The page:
Hand made gifts often mean more than anything bought. It’s not just the thought they require, it’s the time taken too. Last Christmas my sister gave me a basket full of jams and preserves she had made with fruit grown in her garden, and special ingredients foraged from the Cornish hedgerows where she lives. Every time I open a jar to scoop out some green tomato chutney or some rowanberry jelly, I think of her and the flavours transport me to rural Cornwall.
The experience of food can be a hugely evocative thing; taste and memory are so closely intertwined and many memories are of dishes cooked for us, or eaten with, our mothers: the restorative vegetable soup she made when I was ill; her English muffins baked fresh for breakfast with homemade marmalade; roast lamb for Sunday lunch. These are not just memories of the taste and texture of the food, they bring back the experience of the table where we ate; the room; the light and the emotions.
Proust’s involuntary memory which flooded into his consciousness when he nibbled on a madeleine, is the most famous example of how taste experience can trigger human perceptions. Although it’s his mother who triggers the recollection when she gives him a madeleine as an adult, what he actually remembers is the morning tea and madeleine he ate with his aunt during his childhood.
“one day in winter, as I came home, my mother, seeing that I was cold, offered me some tea, a thing I did not ordinarily take. I declined at first, and then, for no particular reason, changed my mind. She sent out for one of those short, plump little cakes called ‘petites madeleines,’ which look as though they had been moulded in the fluted scallop of a pilgrim’s shell. And soon, mechanically, weary after a dull day with the prospect of a depressing morrow, I raised to my lips a spoonful of the tea in which I had soaked a morsel of the cake. No sooner had the warm liquid, and the crumbs with it, touched my palate, a shudder ran through my whole body, and I stopped, intent upon the extraordinary changes that were taking place. An exquisite pleasure had invaded my senses”
Then after much contemplation on the cause of this reaction, he realises:
“And suddenly the memory returns. The taste was that of the little crumb of madeleine which on Sunday mornings at Combray (because on those mornings I did not go out before church-time), when I went to say good day to her in her bedroom, my aunt Léonie used to give me, dipping it first in her own cup of real or of lime-flower tea.”
And so it goes on, and on, and on…but what we do know is that the madeleine had originated long before Proust, and food memories and their associations are basic human instinct.
The origins of ‘Mothering Sunday’ date back to the 16thC when domestic servants were given the day off to visit their ‘mother’ church and usually with their mothers. Children would pick flowers on the way to the church to give in offering.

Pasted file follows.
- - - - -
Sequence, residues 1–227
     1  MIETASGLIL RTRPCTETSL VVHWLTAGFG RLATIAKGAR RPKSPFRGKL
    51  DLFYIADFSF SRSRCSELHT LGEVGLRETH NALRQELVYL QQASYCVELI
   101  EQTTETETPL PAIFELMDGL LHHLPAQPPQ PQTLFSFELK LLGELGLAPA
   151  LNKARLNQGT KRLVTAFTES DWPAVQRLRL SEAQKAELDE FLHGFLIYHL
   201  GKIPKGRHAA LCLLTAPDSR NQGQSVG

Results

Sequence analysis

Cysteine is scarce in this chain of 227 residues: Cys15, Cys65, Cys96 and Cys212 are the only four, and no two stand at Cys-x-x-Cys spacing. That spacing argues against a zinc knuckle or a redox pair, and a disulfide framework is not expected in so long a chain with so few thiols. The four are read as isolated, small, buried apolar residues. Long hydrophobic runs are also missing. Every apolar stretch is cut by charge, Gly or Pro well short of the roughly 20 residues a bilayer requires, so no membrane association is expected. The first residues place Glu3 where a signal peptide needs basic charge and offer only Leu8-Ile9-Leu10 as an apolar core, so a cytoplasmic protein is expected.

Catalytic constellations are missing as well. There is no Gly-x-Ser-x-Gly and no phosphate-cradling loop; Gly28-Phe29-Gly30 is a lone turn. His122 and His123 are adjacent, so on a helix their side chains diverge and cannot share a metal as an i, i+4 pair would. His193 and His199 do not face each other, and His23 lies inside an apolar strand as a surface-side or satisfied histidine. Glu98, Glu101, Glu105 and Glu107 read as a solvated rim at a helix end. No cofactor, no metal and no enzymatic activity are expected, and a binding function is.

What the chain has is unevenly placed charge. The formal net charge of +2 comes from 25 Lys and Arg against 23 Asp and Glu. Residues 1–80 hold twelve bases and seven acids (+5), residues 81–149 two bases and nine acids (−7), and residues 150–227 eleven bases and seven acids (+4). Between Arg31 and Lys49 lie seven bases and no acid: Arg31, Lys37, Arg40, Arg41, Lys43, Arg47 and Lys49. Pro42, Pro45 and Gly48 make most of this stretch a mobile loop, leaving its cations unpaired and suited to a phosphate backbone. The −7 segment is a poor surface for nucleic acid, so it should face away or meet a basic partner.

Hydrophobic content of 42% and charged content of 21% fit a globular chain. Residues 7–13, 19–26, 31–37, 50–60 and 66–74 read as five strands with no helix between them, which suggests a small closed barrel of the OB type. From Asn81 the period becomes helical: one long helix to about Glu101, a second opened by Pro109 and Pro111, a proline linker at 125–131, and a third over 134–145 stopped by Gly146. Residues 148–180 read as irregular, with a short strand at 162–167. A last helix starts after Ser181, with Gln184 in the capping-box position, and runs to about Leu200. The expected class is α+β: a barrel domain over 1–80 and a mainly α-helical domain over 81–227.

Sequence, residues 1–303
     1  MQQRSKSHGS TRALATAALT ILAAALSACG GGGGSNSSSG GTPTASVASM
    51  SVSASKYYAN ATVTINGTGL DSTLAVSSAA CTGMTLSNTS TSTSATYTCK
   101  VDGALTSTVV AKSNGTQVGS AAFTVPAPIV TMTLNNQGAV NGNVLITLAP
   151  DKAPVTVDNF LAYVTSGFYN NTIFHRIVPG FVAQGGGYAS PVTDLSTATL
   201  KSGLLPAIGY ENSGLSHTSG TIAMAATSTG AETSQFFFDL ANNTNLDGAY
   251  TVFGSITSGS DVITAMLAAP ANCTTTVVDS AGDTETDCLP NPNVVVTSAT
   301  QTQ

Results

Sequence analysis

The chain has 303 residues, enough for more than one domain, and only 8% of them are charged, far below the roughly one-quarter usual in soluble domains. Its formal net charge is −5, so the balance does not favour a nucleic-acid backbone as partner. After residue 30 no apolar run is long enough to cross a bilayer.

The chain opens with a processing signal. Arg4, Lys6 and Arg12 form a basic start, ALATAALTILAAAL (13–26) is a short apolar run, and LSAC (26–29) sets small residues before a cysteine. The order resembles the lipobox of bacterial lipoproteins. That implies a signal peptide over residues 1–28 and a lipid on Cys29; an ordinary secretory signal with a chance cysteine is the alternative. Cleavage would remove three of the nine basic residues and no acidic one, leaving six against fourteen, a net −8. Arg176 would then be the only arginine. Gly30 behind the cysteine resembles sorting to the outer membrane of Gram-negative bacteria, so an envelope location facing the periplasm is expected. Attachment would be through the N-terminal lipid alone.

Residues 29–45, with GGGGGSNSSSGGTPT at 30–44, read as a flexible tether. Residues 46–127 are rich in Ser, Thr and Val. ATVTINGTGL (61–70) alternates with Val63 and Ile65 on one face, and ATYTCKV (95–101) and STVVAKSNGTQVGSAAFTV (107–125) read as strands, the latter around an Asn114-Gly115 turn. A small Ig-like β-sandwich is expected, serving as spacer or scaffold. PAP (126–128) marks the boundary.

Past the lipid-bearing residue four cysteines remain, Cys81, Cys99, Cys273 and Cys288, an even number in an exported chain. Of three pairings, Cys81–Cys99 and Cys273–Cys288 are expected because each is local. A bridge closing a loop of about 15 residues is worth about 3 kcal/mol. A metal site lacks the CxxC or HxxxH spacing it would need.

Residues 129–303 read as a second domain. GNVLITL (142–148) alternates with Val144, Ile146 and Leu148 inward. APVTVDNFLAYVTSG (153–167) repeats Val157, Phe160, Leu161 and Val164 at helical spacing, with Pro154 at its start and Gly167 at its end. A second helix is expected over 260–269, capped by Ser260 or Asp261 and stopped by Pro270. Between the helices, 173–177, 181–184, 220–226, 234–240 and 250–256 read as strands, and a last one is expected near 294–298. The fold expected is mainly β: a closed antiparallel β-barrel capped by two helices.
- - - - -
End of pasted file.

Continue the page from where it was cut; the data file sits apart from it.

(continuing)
When I thought about what Mother’s day means to us now, the common theme still bound up in our traditions, is of memory and thanks giving. This year, I’ll bake my mother a batch of honey madeleines and deliver them in a parcel, tied with a ribbon. Maybe I’ll find some lime blossom tea for her to dip them in too. That’ll give her something to remember.
125g unsalted butter, plus extra for the tin
2tbsp best-quality runny honey
3 organic, free-range eggs
120g caster sugar
125g self-raising flour, plus extra for the tin
Pinch of sea salt
It’s worth finding a madeleine tray with its little scallop shaped moulds to create the unique madeleine shape.
Melt the butter and honey together in a small pan.
In an electric stand mixer or using a handheld blender, whisk the eggs and sugar until they have doubled in volume and become thick enough that a dribble of mixture will leave a trail across the surface.
Pour the melted butter and honey not the eggs and whisk to combine.
Sift in the flour and salt and fold thoroughly with a metal spoon or spatula to combine and then chill for 1 hour.
Preheat the oven to 170°C/325°F/Gas mark 3.
Melt about a tablespoon of butter and prepare a 12-hole madeleine tray by brushing the insides with the melted butter and dusting with a little flour.
Spoon half of the mixture into the moulds, but don’t overfull as the cakes will rise. Keep the remaining mixture in the fridge to make the second batch.
Bake in the preheated oven for 12 minutes or until risen and golden brown. Remove from the tin and repeat the process to cook the second batch.
Leave until just cool enough to handle – these are best eaten warm!
Add lemon or orange zest to the batter
Add a few drops of almond extract instead of the honey
Recipe from EGG, published in March 2016 in the US by Harper Collins